The term quantum entanglement, as used in quantum mechanics, refers to one of the central principles of quantum physics. Basically, it means that multiple particles are connected such that alteration (through observation or measurement) of one particle’s quantum state (spin, etc) is instantly reflected in a corollary change (wave function collapse) in the possible quantum states of the other particles regardless of distance. This is demonstrated in the classic quantum entanglement problem argued in the so-called EPR (Einstein, Podolsky, Rosen) Paradox, since discredited.  Of course, before the act of measurement a particle does not have a definite state; it is in what is called superposition, the at-onceness of all possible states.  The classic thought paradigm here is the Schrodinger’s Cat example.  While it is in a closed box the cat is, to us, neither alive or dead, but in both possible states.  Opening the box, observation, brings the cat into a definite state – either it is alive or it is dead.  This is called “wave function collapse.”   But here is an example of how language confounds some people. The use of the word “possible”, for some, implies a state of unreality.  Thus, when an observation occurs and a definite state becomes established through wave function collapse, people who see their reality only through a fixed prism feel that reality starts only at that point.  They do not perceive that “reality” is superposition, all possible states at once.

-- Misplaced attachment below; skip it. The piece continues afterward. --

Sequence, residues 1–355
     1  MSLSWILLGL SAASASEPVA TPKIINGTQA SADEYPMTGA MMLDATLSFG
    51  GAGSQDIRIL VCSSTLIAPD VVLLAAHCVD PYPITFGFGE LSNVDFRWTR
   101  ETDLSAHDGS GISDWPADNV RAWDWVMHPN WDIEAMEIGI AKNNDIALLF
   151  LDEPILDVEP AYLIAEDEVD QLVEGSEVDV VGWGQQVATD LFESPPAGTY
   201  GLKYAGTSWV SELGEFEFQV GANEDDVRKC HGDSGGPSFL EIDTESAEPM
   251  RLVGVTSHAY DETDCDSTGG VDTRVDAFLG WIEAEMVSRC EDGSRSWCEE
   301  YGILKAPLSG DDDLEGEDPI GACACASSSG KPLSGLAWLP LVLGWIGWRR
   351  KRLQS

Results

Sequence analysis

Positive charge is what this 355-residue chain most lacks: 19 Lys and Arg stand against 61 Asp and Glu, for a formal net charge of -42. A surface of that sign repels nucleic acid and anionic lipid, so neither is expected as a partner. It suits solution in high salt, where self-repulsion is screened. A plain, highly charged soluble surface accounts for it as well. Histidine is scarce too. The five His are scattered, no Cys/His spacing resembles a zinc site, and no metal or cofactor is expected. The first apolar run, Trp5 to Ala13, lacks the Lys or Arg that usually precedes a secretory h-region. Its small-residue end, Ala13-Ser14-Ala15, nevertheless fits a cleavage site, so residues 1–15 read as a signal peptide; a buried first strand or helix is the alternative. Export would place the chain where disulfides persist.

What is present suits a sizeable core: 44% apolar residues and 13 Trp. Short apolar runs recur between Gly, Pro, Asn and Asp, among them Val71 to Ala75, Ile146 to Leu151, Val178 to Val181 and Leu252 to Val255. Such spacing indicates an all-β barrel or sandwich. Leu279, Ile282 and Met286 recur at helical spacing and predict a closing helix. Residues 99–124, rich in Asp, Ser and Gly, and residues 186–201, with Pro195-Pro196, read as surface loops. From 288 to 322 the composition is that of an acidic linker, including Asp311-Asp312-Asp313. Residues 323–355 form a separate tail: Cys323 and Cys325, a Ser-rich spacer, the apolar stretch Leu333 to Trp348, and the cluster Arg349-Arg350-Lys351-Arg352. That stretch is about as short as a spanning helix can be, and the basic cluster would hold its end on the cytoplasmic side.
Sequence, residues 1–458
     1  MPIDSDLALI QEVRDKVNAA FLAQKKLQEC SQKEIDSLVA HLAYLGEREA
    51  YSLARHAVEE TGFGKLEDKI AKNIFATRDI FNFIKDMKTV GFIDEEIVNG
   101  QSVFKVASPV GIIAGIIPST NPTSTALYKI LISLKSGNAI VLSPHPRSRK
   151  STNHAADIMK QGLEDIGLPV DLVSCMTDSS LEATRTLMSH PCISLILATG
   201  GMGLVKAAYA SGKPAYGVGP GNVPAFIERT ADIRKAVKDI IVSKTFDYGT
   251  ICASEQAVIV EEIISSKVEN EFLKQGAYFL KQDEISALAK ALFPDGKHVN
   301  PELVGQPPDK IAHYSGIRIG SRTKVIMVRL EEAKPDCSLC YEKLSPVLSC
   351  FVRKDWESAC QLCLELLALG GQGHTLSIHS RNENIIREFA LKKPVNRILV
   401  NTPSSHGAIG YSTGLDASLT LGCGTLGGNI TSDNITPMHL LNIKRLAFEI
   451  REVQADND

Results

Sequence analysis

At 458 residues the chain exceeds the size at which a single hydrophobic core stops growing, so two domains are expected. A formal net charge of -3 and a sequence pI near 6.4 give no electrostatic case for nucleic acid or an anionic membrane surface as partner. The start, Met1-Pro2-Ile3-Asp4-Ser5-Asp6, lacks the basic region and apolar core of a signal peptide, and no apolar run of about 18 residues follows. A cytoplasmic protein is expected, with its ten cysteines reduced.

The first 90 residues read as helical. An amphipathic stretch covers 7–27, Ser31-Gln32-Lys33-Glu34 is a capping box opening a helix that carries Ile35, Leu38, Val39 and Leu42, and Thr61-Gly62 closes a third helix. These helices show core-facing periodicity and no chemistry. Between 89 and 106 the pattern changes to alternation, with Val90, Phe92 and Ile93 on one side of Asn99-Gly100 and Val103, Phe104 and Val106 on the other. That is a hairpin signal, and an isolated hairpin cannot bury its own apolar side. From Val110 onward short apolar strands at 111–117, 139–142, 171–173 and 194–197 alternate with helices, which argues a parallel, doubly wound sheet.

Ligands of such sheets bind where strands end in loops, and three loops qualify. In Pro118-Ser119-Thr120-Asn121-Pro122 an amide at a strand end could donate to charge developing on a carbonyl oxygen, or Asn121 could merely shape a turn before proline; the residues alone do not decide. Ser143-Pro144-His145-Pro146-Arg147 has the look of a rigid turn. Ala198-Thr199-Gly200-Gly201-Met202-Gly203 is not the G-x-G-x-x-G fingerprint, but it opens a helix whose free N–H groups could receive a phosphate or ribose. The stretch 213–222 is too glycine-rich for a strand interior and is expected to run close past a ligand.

However, before we rush to conclusions that since the entire universe is one single wave function – or superposition which can be manipulated by those in the know we should realize that this mathematical exercise has no known formula which, even in principle, could demonstrate such a relationship.  This false promise of power was the proposed and thoroughly spurious outcome of the egregious physics errors embodied in the popular The Secret, a mass market product modeled on earlier hocus pocus such as Creative Visualization.  Marketing maneuvers such as The Secret seem to depend on: Poor memory work; research laziness; or, a generation too young to do either.

Speaking of visualization, let’s try this:  Imagine a 60′ tall spreading Oak tree.  And, imagine its roots spreading underground – we’ve all seen that image.  If you wish, place yourself beneath the tree, listening to the wind through the leaves and sensing the roots spreading and feeding beneath you.   Now I come along with my MMTC (Marco’s Magic Tree Compactor, patent pending).  Beaming the MMTC at the tree, I absorb the entire tree, including every root and tendril into the compactor.  Indeed, in answer to your heart wrenching cries for your tree I can prove that I have not lost a single electron in the process.  After exactly four minutes and nine seconds of whooping, huffing, and another noise I blame on the machine a ding alerts me that, like one of those single serve coffee makers,  my tree is ready.  I stand aside as the machine ejects an object the size and shape of a hockey puck.  I proudly announce, “Here’s your tree back.”